Today, CCTV camera systems are digital.  Instead of sending their video transmissions in analog type signals, they are sent in binary or digital form, usually in the form of bits or bytes, the same sort of digital segments used by personal computers.  The camera data is compiled into a digital video file which can either be stored on a hard drive disk or other storage media and/or viewed on a digital monitor.

Since the data is digital, many of the individual electronic components of a modern CCTV camera system are the same things used in personal computing.  For example, the computer Hard Disk Drive or HDD is the major constituent of the DVR storage.  A computer processor, much like the Central Processing Unit or CPU of a personal computer compiles the digital video files, controls and coordinates camera activity as well as playback and other DVR functions.

Since the original video security systems were analog and were called CCTV camera systems, there may be some confusion or crossover that exists today when describing digital video systems.  For example, analog CCTV cameras displayed their video on older CRT (cathode ray tube) type television monitors.  The CRT monitor displays a picture by rapidly projecting horizontal lines across the screen; the more horizontal lines per fixed vertical area, the greater the detail or resolution of the video.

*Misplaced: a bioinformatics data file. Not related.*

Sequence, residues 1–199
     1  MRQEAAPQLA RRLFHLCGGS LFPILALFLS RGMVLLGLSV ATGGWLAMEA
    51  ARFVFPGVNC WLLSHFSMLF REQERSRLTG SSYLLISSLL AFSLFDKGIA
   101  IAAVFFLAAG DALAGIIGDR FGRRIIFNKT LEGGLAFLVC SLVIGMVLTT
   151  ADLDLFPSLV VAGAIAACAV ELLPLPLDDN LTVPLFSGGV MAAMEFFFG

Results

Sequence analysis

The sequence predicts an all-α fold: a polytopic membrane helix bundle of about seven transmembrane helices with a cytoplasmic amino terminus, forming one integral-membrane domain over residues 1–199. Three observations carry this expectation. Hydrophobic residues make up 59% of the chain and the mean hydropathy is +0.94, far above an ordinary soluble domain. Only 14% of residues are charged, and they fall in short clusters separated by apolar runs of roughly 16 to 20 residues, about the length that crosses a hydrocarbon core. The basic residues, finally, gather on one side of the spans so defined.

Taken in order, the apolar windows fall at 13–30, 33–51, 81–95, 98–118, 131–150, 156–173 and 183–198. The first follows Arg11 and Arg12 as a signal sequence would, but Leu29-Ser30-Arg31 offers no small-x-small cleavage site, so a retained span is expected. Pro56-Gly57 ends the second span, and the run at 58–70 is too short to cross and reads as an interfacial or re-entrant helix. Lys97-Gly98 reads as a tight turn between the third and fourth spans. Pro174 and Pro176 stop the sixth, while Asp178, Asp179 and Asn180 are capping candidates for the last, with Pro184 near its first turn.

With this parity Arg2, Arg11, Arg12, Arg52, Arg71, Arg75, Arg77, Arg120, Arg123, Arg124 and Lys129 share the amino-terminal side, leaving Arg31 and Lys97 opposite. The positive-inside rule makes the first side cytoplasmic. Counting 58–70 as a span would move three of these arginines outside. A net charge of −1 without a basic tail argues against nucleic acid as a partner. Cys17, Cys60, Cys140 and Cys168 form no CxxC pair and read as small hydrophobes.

Digital video is not displayed in horizontal lines, but as a series of horizontal and vertical dots called pixels.  These pixels may be circular or square in shape.  Generally speaking, the more pixels in a video for a fixed area, the greater the detail of the video because the dots are much smaller.  This allows for finer detail in the image.